Assessing your Leadership Capabilities
Cipriano L. Trujillo
Cipriano L. Trujillo is a 14 year Army Veteran and Graduate Student at the University of Maryland University College.
Correspondence concerning this article should be addressed to Cipriano L. Trujillo, 4962 Switchback Loop, Lacey WA, 98513. Contact: email@example.com
In the 21st century leaders are faced with many challenges. Technology has connected the world. As a result, leaders of this generation will lead teams that are comprised of personnel from all corners of the globe. This will require that leaders become culturally fluent. Their ability to motivate people from different ethnic backgrounds will be paramount to their success. People from different ethnic backgrounds respond differently to leader actions. Therefore, leaders must be able motivate those with whom they lead, using an array of skills tailored to motivate personnel from different backgrounds, ethnicities, and religions backgrounds. Therefore, by taking personality assessments, leadership traits surveys, and leadership skills questionnaires will help leaders self identify gaps in their skills. Understanding theses gaps will enable them to bridge these gaps, and better lead both subordinates from the US and abroad.
International Personality Item Pool Representation
The Five Factor Model of Personality questionnaire indicated that I am an agreeable extravert who thinks in plain and simple terms. Additionally, it showed that I am reliable, hard-working and calm under pressure. I think the assessment was spot on, as it is in line the evaluations that I have received from my leadership.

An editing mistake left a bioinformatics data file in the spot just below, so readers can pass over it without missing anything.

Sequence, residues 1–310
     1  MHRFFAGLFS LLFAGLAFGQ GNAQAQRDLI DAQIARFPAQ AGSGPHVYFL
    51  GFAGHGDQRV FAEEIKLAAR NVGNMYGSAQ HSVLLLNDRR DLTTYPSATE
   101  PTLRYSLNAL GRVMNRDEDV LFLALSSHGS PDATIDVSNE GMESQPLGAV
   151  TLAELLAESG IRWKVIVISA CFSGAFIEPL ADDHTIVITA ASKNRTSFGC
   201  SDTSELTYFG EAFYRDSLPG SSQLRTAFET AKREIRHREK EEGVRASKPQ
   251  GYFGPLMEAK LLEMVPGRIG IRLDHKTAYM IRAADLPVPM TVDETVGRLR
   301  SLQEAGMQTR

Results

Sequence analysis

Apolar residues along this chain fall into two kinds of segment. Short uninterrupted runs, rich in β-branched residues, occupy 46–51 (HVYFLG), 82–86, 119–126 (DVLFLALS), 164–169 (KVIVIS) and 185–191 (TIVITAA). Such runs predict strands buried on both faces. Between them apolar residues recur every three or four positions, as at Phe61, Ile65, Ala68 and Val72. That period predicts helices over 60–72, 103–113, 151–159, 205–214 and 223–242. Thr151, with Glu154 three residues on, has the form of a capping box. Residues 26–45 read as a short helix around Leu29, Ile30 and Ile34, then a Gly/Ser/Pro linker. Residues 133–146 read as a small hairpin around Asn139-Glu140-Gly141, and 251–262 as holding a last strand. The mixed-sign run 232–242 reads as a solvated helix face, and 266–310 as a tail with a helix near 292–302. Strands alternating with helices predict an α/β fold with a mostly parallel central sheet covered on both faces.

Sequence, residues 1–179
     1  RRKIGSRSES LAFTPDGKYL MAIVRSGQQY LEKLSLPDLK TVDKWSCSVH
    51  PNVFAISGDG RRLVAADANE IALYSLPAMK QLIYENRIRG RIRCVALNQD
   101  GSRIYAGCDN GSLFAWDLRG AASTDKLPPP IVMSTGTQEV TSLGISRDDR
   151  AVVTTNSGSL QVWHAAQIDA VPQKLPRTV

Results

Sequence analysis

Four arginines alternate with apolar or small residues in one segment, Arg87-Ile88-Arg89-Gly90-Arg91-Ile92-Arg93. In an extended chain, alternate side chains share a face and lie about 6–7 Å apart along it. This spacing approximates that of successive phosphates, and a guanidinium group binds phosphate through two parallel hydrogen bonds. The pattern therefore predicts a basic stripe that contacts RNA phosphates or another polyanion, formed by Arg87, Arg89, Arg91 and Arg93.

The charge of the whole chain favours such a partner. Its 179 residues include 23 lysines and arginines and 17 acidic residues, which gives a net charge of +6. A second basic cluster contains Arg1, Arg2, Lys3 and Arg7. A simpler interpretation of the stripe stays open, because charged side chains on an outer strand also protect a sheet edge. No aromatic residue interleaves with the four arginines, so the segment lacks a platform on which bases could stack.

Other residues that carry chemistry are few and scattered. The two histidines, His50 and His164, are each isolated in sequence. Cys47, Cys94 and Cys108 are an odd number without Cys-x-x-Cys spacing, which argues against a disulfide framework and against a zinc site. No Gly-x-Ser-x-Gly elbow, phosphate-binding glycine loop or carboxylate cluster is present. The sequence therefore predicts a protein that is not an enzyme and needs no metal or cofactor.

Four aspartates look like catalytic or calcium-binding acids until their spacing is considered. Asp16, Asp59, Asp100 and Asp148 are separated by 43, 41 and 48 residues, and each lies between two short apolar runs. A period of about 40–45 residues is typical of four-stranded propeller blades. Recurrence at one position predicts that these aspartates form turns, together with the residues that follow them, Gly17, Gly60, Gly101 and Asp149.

I believe that it is extremely important for leaders to be extraverts. I feel that leaders set the tone for the organization, therefore if leaders are energetic, sociable and outgoing their subordinate will follow suit. As a result, the organization will benefit as energetic employees are more productive; while social and outgoing employees are more inclined to communicate ideas, which may result in increased innovation.
Agreeable leaders are genuine and sincere; these qualities are paramount to the success of any organization. Agreeable leaders engender commitment from their subordinates. If subordinates feel as though they are simply a commodity they will not put the better effort. However, if subordinates feel as though leaders are making decisions with their best interest at heart they will provide their very best effort. Additionally, subordinates must feel as though the leaders are good people. Subordinates are at their best when they trust their leaders and feel that their leaders understand what they are going through.
Leaders who can remain calm under pressure and who can think in plain and simple terms are extremely effective in any situation. It is easy to make sound and timely decisions when operating under “normal” conditions. However, if leaders become overwhelmed and make hasty decisions when the pressure is on, are viewed as unreliable and can lose the confidence of both their subordinates and supervisors. It is imperative for leaders to be able to process vast amounts of information quickly and make decisions that are in keeping with the organizations strategic goals.
Based on the survey and evaluations provided by my supervisors I feel that I am well prepared to lead, although, not unlike any leader I have room for improvement. I have identified that I am not may be a bit reluctant to change. Additionally, at times am not the most creative thinker. I will continue to work on these shortcomings and grow as a leader. Skills Inventory
According to Northouse, the skills inventory is designed to measure three broad types of leadership skills: technical, human, and conceptual. The level of management in which a leader severs, will dictate the level of proficiency in each skill...
References: Costa, P., & McCrae, R. (n.d.). Short Form for the IPIP-NEO (International Personality Item Pool Representation of the NEO PI-R™). Retrieved June 5, 2015, from http://www.personal.psu.edu/~j5j/IPIP/ipipneo120.htm
Northouse, P. (2013). Leadership: Theory and practice (6th ed.). Thousand Oaks, CA: SAGE.
Katz, R. L. (1955). Skills of an effective administrator. Harvard Business Review,
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